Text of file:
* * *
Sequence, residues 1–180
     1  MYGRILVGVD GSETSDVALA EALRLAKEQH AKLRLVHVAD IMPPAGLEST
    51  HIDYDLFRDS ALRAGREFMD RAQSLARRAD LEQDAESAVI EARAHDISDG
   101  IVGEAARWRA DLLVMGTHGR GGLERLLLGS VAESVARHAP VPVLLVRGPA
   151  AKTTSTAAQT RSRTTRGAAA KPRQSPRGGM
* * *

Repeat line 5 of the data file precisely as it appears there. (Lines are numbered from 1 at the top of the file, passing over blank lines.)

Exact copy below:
   151  AKTTSTAAQT RSRTTRGAAA KPRQSPRGGM